Imhann F, Bonder MJ, Vich Vila A, Fu J, Mujagic Z, Vork L, et al. Proton pump inhibitors affect the gut microbiome. Gut. 2016;65(5):740–8.PubMedPubMedCentralCrossRefGoogle Scholar
  52. 52.
    Jackson MA, Goodrich JK, Maxan ME, Freedberg DE, Abrams JA, Poole AC, et al. Proton pump inhibitors alter the composition of the gut microbiota. Gut. 2016;65(5):749–56.PubMedPubMedCentralCrossRefGoogle Scholar
  53. 53.
    Minalyan A, Gabrielyan L, Scott D, Jacobs J, Pisegna JR. The gastric and intestinal microbiome: role of proton pump inhibitors. Curr Gastroenterol Rep. 2017;19(8):42.PubMedPubMedCentralCrossRefGoogle Scholar
  54. 54.
    Qin N, Yang F, Li A, Prifti E, Chen Y, Shao L, et al. Alterations of the human gut microbiome in liver cirrhosis. Nature. 2014;513(7516):59–64.PubMedCrossRefGoogle Scholar
  55. 55.
    Bajaj JS, Cox IJ, Betrapally NS, Heuman DM, Schubert ML, Ratneswaran M, et al. Systems biology analysis of omeprazole therapy in cirrhosis demonstrates significant shifts in gut microbiota composition and function. Am J Physiol Gastrointest Liver Physiol. 2014;307(10):G951–7.PubMedPubMedCentralCrossRefGoogle Scholar
  56. 56.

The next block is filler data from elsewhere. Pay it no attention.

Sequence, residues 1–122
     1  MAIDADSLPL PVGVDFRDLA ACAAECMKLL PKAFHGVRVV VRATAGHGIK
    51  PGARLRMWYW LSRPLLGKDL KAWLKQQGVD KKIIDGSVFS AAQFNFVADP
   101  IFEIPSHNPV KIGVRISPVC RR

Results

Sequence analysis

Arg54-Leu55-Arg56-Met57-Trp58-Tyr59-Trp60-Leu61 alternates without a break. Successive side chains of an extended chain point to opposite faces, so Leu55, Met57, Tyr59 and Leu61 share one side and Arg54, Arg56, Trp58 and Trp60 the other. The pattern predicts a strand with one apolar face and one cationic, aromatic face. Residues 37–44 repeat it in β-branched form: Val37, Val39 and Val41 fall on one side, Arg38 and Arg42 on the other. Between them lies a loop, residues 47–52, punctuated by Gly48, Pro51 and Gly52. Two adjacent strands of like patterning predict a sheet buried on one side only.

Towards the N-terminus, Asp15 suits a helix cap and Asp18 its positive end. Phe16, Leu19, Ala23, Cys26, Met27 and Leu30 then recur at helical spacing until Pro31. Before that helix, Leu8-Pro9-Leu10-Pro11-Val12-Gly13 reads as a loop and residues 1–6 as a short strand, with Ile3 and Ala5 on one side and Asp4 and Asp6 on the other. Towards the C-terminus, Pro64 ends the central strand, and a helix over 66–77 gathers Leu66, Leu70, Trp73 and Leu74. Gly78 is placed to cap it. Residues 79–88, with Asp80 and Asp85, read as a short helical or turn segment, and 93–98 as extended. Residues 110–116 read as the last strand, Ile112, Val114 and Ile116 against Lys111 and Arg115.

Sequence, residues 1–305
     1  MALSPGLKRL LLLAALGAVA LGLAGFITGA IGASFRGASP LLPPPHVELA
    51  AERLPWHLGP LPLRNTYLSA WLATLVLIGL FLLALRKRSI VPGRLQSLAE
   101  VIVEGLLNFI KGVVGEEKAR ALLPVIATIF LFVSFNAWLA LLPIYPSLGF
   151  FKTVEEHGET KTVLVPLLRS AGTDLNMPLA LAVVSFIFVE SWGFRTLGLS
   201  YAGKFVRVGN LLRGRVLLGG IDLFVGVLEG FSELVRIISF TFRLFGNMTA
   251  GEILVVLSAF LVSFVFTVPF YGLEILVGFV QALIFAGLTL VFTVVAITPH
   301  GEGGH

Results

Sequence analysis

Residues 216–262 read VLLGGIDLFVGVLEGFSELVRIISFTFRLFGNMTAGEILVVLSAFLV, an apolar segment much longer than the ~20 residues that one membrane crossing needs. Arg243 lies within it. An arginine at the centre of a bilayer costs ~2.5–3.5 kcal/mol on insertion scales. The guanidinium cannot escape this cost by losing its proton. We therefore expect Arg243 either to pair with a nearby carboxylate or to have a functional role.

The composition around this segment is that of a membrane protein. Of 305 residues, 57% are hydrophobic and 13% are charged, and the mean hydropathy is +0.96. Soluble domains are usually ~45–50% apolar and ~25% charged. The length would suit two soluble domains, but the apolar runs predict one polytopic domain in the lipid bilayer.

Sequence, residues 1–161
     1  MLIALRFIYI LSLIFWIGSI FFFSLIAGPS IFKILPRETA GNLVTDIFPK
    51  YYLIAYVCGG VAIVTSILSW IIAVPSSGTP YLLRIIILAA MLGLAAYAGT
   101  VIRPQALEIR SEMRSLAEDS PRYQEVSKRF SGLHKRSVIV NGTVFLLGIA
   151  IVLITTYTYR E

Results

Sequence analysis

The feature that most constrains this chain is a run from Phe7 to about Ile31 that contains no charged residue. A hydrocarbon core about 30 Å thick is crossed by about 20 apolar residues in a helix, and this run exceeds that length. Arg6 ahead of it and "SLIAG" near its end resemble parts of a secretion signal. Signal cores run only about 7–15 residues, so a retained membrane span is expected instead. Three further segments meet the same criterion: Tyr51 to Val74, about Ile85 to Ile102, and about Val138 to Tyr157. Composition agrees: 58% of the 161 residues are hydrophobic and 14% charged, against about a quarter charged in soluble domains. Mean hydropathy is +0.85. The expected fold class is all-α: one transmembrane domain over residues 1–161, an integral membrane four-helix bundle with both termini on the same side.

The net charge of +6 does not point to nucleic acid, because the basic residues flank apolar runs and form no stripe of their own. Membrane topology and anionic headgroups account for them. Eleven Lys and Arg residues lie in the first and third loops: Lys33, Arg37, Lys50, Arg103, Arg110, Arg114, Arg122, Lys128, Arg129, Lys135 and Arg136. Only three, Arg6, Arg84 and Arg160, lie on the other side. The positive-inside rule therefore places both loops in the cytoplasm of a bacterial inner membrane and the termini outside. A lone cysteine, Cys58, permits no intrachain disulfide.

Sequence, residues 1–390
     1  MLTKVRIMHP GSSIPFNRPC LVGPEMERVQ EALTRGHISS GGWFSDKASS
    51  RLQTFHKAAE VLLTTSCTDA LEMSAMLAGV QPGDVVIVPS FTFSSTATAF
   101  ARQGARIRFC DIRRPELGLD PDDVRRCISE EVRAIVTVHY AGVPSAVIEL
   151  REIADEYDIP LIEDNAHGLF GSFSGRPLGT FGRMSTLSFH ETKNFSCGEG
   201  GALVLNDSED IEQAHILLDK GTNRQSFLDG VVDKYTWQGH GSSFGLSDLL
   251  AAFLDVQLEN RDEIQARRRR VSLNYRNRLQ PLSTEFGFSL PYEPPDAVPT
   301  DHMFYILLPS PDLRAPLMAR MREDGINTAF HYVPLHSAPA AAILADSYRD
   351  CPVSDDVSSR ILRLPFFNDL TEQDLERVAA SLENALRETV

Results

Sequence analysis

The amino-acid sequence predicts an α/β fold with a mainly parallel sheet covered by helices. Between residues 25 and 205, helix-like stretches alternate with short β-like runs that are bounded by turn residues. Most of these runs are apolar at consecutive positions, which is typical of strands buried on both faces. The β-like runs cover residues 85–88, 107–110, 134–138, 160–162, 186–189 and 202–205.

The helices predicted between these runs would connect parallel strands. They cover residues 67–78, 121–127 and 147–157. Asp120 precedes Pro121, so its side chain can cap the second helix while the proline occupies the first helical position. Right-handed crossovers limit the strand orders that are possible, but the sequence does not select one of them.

Janka T, Tornai T, Borbely B, Tornai D, Altorjay I, Papp M, et al. Deleterious effect of proton pump inhibitors on the disease course of cirrhosis. Eur J Gastroenterol Hepatol. 2019.  https://doi.org/10.1097/MEG.0000000000001499.CrossRefPubMedGoogle Scholar
  57. 57.
    Sullivan KV, Dien Bard J. New and novel rapid diagnostics that are impacting infection prevention and antimicrobial stewardship. Curr Opin Infect Dis. 2019;32(4):356–64.PubMedCrossRefGoogle Scholar
  58. 58.
    Bauer KA, Perez KK, Forrest GN, Goff DA. Review of rapid diagnostic tests used by antimicrobial stewardship programs. Clin Infect Dis. 2014;59(Suppl 3):S134–45.PubMedCrossRefGoogle Scholar
  59. 59.
    Messacar K, Parker SK, Todd JK, Dominguez SR. Implementation of rapid molecular infectious disease diagnostics: the role of diagnostic and antimicrobial stewardship. J Clin Microbiol. 2017;55(3):715–23.PubMedPubMedCentralCrossRefGoogle Scholar
  60. 60.
    Vrioni G, Tsiamis C, Oikonomidis G, Theodoridou K, Kapsimali V, Tsakris A. MALDI-TOF mass spectrometry technology for detecting biomarkers of antimicrobial resistance: current achievements and future perspectives. Ann Transl Med. 2018;6(12):240.PubMedPubMedCentralCrossRefGoogle Scholar
  61. 61.
    Pancholi P, Carroll KC, Buchan BW, Chan RC, Dhiman N, Ford B, et al. Multicenter evaluation of the accelerate PhenoTest BC Kit for rapid identification and phenotypic antimicrobial susceptibility testing using morphokinetic cellular analysis. J Clin Microbiol. 2018;56(4):1–21.  https://doi.org/10.1128/JCM.01329-17.CrossRefGoogle Scholar
  62. 62.